Johnson City sailor killed during attack on Pearl Harbor to be returned home, buried in August 2021


Photo: Defense POW/MIA Accounting Agency

JOHNSON CITY, Tenn. (WJHL) – A Johnson City native and U.S. Navy Fireman killed during the 1941 attack on Pearl Harbor has been accounted for and will be returned home.

According to a release from the Defense POW/MIA Accounting Agency (DPAA), Navy Fireman 1st Class Paul E. Saylor, of Johnson City, will be laid to rest in his hometown on August 20, 2021.

Saylor, 21 at the time of his death, was assigned to the USS Oklahoma when it was attacked by Japanese aircraft on December 7, 1941, the release states.

DPAA reports Saylor was one of the 429 crewmen killed when the USS Oklahoma capsized.

“From December 1941 to June 1944, Navy personnel recovered the remains of the deceased crew, which were subsequently interred in the Halawa and Nu’uanu Cemeteries,” the release states.

In 1947, the American Graves Registration Service “disinterred the remains of U.S. casualties from the two cemeteries and transferred them to the Central Identification Laboratory at Schofield Barracks.”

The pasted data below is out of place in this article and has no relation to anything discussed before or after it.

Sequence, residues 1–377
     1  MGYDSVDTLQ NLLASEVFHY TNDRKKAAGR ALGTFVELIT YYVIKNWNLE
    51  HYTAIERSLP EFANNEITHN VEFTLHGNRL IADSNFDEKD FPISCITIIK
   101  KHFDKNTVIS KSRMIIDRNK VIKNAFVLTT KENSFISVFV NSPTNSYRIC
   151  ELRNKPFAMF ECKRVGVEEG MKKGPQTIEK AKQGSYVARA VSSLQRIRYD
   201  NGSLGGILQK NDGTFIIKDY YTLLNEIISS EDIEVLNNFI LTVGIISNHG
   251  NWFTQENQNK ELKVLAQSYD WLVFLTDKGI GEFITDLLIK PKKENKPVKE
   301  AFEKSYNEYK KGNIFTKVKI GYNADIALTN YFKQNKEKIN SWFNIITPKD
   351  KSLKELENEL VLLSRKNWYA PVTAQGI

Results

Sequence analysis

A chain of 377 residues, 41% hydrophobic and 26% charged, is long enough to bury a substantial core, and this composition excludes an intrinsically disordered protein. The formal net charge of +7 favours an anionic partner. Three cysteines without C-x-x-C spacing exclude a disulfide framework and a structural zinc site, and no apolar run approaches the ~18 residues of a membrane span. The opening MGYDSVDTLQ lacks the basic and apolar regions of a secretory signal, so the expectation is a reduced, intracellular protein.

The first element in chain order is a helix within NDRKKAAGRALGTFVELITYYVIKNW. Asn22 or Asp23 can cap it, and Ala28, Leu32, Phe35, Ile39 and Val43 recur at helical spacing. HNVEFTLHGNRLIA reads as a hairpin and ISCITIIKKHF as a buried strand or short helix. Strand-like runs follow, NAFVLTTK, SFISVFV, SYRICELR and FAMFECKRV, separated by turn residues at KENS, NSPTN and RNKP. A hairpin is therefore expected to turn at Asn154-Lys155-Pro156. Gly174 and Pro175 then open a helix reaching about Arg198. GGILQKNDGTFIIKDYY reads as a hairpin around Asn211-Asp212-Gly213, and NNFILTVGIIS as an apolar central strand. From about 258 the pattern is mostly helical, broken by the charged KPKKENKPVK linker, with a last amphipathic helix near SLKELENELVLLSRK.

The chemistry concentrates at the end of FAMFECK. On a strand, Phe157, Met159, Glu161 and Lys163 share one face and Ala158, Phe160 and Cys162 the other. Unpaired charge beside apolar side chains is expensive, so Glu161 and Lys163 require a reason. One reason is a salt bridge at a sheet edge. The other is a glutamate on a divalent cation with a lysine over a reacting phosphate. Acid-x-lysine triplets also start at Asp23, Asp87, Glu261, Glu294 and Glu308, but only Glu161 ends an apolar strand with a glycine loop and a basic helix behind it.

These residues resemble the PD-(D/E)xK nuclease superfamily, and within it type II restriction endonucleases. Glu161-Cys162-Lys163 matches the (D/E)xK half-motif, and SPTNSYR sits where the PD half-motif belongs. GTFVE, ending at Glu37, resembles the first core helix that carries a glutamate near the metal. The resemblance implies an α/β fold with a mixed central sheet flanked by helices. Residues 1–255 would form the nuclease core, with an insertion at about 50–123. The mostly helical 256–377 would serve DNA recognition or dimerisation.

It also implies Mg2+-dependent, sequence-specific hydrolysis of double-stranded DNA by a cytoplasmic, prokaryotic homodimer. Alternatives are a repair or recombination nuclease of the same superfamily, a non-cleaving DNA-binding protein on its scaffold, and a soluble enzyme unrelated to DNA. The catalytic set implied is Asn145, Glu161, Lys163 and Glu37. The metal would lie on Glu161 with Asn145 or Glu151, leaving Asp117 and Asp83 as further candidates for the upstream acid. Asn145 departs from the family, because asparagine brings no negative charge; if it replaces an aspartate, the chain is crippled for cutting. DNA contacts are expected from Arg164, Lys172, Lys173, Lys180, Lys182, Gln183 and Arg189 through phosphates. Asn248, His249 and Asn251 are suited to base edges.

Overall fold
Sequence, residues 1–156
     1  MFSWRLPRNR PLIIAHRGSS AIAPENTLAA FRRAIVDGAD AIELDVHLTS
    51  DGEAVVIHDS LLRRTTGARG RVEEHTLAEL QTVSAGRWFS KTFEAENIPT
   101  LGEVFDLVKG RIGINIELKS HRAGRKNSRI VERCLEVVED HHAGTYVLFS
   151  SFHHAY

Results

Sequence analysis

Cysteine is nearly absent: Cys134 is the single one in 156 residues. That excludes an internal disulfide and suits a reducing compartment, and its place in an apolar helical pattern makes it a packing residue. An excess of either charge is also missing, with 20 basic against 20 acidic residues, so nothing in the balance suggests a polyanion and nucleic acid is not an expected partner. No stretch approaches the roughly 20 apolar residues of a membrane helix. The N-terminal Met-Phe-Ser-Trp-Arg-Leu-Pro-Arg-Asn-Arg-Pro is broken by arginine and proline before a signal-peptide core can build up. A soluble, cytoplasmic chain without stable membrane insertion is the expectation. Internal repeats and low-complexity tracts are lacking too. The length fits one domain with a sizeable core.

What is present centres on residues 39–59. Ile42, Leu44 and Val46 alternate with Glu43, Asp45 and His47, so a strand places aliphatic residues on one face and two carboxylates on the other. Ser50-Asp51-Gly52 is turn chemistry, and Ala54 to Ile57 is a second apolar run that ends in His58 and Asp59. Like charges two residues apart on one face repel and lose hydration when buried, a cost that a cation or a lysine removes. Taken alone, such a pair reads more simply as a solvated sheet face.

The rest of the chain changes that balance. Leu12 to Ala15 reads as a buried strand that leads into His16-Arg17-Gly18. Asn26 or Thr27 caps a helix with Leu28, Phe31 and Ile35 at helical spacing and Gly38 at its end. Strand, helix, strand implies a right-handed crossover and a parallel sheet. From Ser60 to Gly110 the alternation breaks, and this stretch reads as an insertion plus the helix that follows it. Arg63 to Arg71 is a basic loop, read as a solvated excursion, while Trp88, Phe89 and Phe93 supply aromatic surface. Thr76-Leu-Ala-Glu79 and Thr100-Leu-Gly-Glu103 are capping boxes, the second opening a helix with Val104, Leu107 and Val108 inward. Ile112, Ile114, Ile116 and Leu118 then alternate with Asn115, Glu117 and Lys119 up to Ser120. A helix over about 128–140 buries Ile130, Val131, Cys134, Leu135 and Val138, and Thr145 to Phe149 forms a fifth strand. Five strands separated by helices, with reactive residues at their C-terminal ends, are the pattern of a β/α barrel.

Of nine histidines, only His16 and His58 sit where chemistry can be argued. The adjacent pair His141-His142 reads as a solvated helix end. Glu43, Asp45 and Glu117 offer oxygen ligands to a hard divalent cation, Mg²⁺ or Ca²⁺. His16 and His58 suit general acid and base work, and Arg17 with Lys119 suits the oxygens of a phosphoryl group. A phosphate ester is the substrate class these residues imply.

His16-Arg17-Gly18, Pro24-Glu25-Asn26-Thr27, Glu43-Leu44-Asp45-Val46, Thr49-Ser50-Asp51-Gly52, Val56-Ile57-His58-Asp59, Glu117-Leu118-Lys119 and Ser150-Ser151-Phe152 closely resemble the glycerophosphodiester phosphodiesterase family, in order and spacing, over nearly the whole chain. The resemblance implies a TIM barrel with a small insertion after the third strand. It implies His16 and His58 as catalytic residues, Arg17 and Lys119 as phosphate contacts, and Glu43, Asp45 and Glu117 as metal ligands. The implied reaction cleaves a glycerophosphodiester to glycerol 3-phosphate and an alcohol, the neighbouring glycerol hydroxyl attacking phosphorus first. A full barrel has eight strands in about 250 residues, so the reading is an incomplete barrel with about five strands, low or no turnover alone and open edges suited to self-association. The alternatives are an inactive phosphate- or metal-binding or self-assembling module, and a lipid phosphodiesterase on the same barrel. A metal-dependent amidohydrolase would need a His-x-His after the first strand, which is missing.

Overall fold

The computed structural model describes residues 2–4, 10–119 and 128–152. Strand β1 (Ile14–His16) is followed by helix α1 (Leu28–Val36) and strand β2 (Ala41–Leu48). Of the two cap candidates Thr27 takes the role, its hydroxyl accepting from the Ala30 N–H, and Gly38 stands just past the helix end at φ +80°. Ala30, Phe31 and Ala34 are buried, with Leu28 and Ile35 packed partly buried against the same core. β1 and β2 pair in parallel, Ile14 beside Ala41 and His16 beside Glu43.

Only 35 identities of men from the USS Oklahoma were identified in 1947. The rest were buried in the National Memorial Cemetery of the Pacific, referred to as the Punchbowl in Honolulu.

Those who had not yet been identified were classified as “non-recoverable” by a 1949 military board, DPAA reports.

However, in 2015, the DPAA began exhuming the remains from the USS Oklahoma in the Punchbowl for analysis.

DPAA states that Saylor’s remains were identified using “anthropological analysis” and “mitochondrial DNA (mtDNA) and Y chromosome DNA (Y-STR) analysis.”

According to the release, Saylor’s name is among those recorded on the Walls of the Missing at the Punchbowl. Since he has been accounted for, a rosette will be added next to his name.

Anyone wishing to learn about Saylor’s funeral information is asked to call the Navy Service Casualty office at (800) 443-9298.

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